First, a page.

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Diarmuid Grimes, Emmanuel Hebrard

Recently, a variety of constraint programming and Boolean satisfiability approaches to scheduling problems have been introduced. They have in common the use of relatively simple propagation mechanisms and an adaptive way to focus on the most constrained part of the problem. In some cases, these methods compare favorably to more classical constraint programming methods relying on propagation algorithms for global unary or cumulative resource constraints and dedicated search heuristics. In particular, we described an approach that combines restarting, with a generic adaptive heuristic and solution guided branching on a simple model based on a decomposition of disjunctive constraints. In this paper, we introduce an adaptation of this technique for an important subclass of job shop scheduling problems (JSPs), where the objective function involves minimization of earliness/tardiness costs. We further show that our technique can be improved by adding domain specific information for one variant of the JSP (involving time lag constraints). In particular we introduce a dedicated greedy heuristic, and an improved model for the case where the maximal time lag is 0 (also referred to as no-wait JSPs).

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Christian Bessiere, Emmanuel Hebrard, Brahim Hnich, Toby Walsh

Constraint propagation is one of the techniques central to the success of constraint programming. To reduce search, fast algorithms associated with each constraint prune the domains of variables. With global (or non-binary) constraints, the cost of such propagation may be much greater than the quadratic cost for binary constraints. We therefore study the computational complexity of reasoning with global constraints. We first characterise a number of important questions related to constraint propagation. We show that such questions are intractable in general, and identify dependencies between the tractability and intractability of the different questions. We then demonstrate how the tools of computational complexity can be used in the design and analysis of specific global constraints. In particular, we illustrate how computational complexity can be used to determine when a lesser level of local consistency should be enforced, when constraints can be safely generalized, when decomposing constraints will reduce the amount of pruning, and when combining constraints is tractable.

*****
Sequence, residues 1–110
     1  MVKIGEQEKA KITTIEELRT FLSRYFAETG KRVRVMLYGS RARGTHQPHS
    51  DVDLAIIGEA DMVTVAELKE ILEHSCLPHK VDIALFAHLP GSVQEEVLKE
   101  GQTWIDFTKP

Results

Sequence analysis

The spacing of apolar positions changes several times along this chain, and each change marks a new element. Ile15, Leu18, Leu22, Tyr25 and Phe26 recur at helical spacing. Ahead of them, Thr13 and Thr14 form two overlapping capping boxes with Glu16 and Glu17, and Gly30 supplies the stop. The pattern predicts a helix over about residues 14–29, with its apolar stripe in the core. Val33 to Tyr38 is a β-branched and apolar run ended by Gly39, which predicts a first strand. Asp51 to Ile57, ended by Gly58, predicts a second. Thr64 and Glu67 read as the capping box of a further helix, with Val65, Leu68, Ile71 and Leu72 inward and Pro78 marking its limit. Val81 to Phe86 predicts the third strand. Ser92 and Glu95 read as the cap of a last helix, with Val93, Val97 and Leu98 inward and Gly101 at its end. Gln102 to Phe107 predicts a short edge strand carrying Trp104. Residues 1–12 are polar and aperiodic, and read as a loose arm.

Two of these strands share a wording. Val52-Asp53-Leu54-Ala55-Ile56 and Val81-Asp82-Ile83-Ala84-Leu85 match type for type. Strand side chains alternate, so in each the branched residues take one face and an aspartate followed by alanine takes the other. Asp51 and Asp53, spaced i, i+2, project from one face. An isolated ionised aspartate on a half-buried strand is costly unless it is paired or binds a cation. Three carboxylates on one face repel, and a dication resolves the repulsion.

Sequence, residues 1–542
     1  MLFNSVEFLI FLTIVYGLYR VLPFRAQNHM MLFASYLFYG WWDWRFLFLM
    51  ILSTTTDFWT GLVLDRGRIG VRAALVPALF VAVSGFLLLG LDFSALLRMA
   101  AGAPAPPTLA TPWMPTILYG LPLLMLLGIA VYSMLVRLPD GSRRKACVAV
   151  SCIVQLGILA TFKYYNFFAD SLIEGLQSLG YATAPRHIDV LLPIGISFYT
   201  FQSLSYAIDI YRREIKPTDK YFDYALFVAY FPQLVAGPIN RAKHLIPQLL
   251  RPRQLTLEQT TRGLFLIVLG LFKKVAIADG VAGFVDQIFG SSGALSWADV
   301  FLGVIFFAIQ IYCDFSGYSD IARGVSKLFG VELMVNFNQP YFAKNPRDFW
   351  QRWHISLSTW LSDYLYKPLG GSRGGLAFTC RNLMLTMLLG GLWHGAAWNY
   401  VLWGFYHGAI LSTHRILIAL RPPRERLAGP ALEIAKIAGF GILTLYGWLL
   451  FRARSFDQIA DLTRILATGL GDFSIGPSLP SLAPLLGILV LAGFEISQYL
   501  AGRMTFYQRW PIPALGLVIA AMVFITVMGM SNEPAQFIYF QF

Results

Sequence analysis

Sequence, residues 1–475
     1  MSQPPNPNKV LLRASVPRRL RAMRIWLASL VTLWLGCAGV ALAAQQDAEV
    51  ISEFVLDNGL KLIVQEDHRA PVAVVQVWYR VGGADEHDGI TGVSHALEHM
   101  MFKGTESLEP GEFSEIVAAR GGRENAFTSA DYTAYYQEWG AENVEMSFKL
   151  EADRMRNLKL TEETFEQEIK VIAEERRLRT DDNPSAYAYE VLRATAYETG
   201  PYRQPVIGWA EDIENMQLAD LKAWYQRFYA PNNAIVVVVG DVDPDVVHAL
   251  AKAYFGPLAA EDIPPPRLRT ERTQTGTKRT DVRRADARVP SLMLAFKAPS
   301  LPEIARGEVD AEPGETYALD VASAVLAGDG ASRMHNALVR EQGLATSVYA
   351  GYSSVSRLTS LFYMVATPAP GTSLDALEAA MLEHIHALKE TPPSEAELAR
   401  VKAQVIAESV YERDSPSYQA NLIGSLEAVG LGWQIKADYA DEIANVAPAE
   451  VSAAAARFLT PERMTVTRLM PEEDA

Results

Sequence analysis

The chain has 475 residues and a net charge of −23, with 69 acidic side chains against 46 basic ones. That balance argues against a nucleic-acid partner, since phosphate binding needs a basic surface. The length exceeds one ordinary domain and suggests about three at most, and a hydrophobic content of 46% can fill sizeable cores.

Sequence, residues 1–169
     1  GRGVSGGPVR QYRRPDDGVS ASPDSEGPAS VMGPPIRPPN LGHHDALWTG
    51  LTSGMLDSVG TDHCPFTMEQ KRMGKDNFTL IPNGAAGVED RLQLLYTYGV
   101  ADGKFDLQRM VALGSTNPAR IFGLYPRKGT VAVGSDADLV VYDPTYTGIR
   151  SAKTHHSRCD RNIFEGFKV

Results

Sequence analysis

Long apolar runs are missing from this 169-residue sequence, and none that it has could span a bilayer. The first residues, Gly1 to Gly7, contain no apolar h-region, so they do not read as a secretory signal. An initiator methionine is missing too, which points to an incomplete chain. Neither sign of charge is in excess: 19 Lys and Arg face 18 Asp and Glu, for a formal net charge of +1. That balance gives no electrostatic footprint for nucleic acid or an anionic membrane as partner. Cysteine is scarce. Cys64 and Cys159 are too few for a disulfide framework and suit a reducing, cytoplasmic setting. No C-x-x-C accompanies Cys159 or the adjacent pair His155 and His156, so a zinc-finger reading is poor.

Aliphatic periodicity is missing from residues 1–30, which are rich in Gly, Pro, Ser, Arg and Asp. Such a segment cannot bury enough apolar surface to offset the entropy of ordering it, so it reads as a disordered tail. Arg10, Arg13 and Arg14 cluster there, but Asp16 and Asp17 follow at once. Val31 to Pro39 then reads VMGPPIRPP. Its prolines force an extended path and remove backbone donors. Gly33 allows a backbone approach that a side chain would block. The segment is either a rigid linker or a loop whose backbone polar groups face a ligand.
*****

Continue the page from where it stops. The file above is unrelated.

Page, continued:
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Christian Bessiere, Emmanuel Hebrard, Brahim Hnich, Zeynep Kiziltan, Toby Walsh

We study the CardPath constraint. This ensures a given constraint holds a number of times down a sequence of variables. We show that SLIDE, a special case of CardPath where the slid constraint must hold always, can be used to encode a wide range of sliding sequence constraints including CardPath itself. We consider how to propagate SLIDE and provide a complete propagator for CardPath. Since propagation is NP-hard in general, we identify special cases where propagation takes polynomial time. Our experiments demonstrate that using SLIDE to encode global constraints can be as efficient and effective as specialised propagators.

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Christian Bessiere, Emmanuel Hebrard, Brahim Hnich, Zeynep Kiziltan, Toby Walsh

We argue that parameterized complexity is a useful tool with which to study global constraints. In particular, we show that many global constraints which are intractable to propagate completely have natural parameters which make them fixed-parameter tractable and which are easy to compute. This tractability tends either to be the result of a simple dynamic program or of a decomposition which has a strong backdoor of bounded size. This strong backdoor is often a cycle cutset. We also show that parameterized complexity can be used to study other aspects of constraint programming like symmetry breaking. For instance, we prove that value symmetry is fixed-parameter tractable to break in the number of symmetries. Finally, we argue that parameterized complexity can be used to derive results about the approximability of constraint propagation.

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Christian Bessiere, Emmanuel Hebrard, Brahim Hnich, Zeynep Kiziltan, Toby Walsh

We propose Range and Roots which are two common patterns useful for specifying a wide range of counting and occurrence constraints. We design specialised propagation algorithms for these two patterns. Counting and occurrence constraints specified using these patterns thus directly inherit a propagation algorithm. To illustrate the capabilities of the Range and Roots constraints, we specify a number of global constraints taken from the literature. Preliminary experiments demonstrate that propagating counting and occurrence constraints using these two patterns leads to a small loss in performance when compared to specialised global constraints and is competitive with alternative decompositions using elementary constraints.